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Court Makes Decision In Vernon Township OPRA Request Lawsuit

Alley Shubert

Sunday, April 7, 2013 • 2:45pm

NEWTON, NJ - The Honorable Edward V. Gannon, made his decision on Friday, April 5, at the Sussex County Courthouse, regarding a lawsuit filed by Vernon Township against four individuals over an Open Public Records Act (OPRA) request.

Former mayor Sally Rinker, Jesse Wolosky, Lynn Van Gorder, Sandra Ooms, and an anonymous defendant by the name of “Curious George” sent a request to municipal clerk, Susan Nelson.
 
The document contained confidential information of 119 employees within the township.
 
The defendants claim the information was blacked out by Nelson, but appeared as they adjusted settings to print the document.
 
After an article from The New Jersey Herald was released on the morning of March 22, Vernon Township Attorney Kevin Kelly proceeded with a suit against the individuals, and the newspaper. According to the article, Wolosky opened up the document from his own email account, on a staff reporter's computer, and showed it to the reporter.
 
Discussion at a recent Vernon Township Council Meeting between the council and attorney indicated the plaintiffs believed in the possibility that the individuals and newspaper may have “tampered” with the documents in order to obtain the confidential information.
 
Kelly and township representatives, were present in the courtroom on April 5, exactly two weeks since the lawsuit was put into effect.
 
Prior to the hearing, The New Jersey Herald signed a document stating they did not receive any confidential information, and were dropped from the case.
 
“Today is not about assessing any blame,” stated Kelly to Gannon. “It is about the protection of 119 employees and their families.”
 
Kelly claimed that the lawsuit is based on “identity theft,” as he later read a document stating, “Identity theft is an act of violation.”
 
Kelly also told Gannon that identity theft has been recognized by the New Jersey Supreme Court, Identity Theft Protection Act, Constitution, and other statutes.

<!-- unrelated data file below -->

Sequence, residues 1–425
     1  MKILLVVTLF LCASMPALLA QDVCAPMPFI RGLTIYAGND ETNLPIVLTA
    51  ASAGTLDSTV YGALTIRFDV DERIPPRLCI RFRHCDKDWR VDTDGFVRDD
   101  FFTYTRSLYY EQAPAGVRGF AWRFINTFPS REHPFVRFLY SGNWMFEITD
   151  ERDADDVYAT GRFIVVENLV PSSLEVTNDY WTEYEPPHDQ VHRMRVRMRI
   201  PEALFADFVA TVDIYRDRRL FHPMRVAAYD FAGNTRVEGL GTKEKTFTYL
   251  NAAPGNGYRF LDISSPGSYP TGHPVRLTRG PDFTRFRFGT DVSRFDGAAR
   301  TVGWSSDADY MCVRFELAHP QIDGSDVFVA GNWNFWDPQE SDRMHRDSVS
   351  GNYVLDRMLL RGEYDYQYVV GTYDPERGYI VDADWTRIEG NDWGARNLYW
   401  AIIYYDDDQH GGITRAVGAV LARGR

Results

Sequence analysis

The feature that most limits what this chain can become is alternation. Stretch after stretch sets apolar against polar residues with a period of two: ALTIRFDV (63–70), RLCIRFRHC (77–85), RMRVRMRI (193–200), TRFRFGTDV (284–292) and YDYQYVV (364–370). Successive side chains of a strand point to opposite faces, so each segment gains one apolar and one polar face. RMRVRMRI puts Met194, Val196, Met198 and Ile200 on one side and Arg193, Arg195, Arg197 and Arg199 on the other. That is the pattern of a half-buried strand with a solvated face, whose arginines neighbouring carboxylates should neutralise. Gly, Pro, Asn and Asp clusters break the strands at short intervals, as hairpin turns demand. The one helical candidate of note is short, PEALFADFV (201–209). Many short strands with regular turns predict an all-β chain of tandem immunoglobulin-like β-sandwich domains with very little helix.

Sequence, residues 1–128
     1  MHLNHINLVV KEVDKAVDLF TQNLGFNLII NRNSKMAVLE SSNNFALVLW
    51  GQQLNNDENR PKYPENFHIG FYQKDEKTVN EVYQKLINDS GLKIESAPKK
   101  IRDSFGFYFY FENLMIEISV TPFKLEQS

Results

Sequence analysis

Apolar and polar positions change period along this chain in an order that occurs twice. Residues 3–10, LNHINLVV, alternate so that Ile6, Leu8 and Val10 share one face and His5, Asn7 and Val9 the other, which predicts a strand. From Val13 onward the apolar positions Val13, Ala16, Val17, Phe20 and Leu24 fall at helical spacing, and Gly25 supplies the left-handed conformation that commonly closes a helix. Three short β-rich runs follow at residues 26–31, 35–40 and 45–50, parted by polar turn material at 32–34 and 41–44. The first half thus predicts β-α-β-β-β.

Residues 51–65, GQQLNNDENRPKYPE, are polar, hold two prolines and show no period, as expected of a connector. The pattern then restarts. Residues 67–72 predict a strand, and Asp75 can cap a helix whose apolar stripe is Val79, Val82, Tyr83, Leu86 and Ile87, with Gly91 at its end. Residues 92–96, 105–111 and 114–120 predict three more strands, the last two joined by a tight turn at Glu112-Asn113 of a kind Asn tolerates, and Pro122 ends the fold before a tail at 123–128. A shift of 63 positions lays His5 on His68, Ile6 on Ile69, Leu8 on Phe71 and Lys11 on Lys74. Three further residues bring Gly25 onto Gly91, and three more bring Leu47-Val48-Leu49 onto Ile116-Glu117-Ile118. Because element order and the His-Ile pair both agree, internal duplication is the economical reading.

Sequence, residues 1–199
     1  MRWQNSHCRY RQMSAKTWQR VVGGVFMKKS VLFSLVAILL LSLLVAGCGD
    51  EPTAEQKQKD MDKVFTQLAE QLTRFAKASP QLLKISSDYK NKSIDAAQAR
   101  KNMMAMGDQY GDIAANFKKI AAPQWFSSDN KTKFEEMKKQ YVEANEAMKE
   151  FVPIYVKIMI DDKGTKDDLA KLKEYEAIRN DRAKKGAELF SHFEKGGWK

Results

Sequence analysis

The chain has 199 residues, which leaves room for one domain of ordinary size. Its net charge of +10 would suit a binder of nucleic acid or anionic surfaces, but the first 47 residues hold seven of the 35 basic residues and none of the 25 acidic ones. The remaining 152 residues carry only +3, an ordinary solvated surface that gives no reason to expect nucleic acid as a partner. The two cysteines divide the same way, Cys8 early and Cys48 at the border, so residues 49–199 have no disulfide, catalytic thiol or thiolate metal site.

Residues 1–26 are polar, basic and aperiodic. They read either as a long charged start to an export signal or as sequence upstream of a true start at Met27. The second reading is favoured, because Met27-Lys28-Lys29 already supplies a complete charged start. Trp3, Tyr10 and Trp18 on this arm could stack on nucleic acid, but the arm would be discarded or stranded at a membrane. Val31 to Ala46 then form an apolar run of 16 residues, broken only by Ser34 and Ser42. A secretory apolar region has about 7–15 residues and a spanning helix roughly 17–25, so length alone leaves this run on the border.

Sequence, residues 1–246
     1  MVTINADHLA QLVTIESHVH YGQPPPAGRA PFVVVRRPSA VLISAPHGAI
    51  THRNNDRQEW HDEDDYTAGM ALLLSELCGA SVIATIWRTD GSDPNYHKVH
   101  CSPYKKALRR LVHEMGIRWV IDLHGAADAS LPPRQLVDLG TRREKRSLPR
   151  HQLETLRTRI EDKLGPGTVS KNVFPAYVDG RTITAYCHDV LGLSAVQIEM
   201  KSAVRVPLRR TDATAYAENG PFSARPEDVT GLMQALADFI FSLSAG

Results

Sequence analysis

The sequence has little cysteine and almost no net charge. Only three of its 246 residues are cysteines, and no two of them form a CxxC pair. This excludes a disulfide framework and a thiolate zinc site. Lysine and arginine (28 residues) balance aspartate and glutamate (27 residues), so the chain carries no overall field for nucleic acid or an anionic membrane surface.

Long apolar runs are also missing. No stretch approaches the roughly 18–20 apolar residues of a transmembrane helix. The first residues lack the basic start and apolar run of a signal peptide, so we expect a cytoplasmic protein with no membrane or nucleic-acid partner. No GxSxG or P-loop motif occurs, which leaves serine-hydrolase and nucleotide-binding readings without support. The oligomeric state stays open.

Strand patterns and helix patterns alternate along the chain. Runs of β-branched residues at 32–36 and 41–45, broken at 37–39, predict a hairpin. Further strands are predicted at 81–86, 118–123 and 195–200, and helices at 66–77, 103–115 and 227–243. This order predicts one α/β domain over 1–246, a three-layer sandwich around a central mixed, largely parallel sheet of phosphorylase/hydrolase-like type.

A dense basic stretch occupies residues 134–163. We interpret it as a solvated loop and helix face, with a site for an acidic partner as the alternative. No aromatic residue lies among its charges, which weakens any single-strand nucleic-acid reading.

Wolosky, later defending himself stated, “Mr. Kelly keeps talking about identity theft. None of us went and put on black outfits, and went and got documents from the municipal building. I just wanted the payroll salaries of the employees.”
 
Wolosky mentioned that he had a similar situation about two years when requesting a document from the Sparta Board of Education, that was also improperly distributed, releasing employees Social Security numbers.
 
Wolosky stated that the solution in the end was himself deleting the file from his computer, and signing a document indicating that he had done so.
 
“It is truly unfortunate that Ms. Nelson is not present today,” said Gannon. "Her past shows that she has taken great lengths to avoid a situation like this. I didn’t find any faults in what she is trying to accomplish. My problem is the amount of information that can be stored in computers. The result of this was human error. None of the defendants acted improperly once retrieving the document. I have no fault with whoever disseminated that publicly with free speech or free press.”
 
In regard to Vernon Township, Gannon stated, “Once the government was made aware, the government had a responsibility to act. I am satisfied that there was a good faith aspect with Mr. Kelly. However, this is a matter through the legal process.”
 
Gannon then explained that Vernon does not have the authority under OPRA to issue a lawsuit to protect the rights of individuals.
 
“Those employees have individual rights,” as Gannon expressed that the municipality cannot sue on behalf of 119 employees.
 
Gannon also signified that read in the newspapers, “The township took immediate steps to protect their citizens.”
 
After the information was leaked, Vernon Township mayor Victor Marotta had reassured the public that “every employee is being provided with LifeLock Security and being educated,” at the most recent township council meeting.
 
Gannon stated that over the next 60 days, Vernon Township is to draft and implement a corrective action plan to prevent computer errors from occurring in the future, to look into anonymous OPRA requests and for the public to know that these steps are being taken.
 
The township was ordered to pay the court fee of Wolosky and defending attorney, Richard Gutman, who represented the other defendants, but was not awarded a fee under OPRA.
 
Gannon also ordered that defendants may not disseminate the information to any third parties with the exclusion of their lawyers. The defendants are to delete the document from their email, and sign a certification at court indicating they have properly done so.
 
“I am sure the last thing that the defendants, who are community activists and looking for transparency in the township want is for the town to spend $200,000 on computer protection," Gannon concluded.
 
Gannon dismissed court while stating that the situation really needs to be put into closure.
 
 

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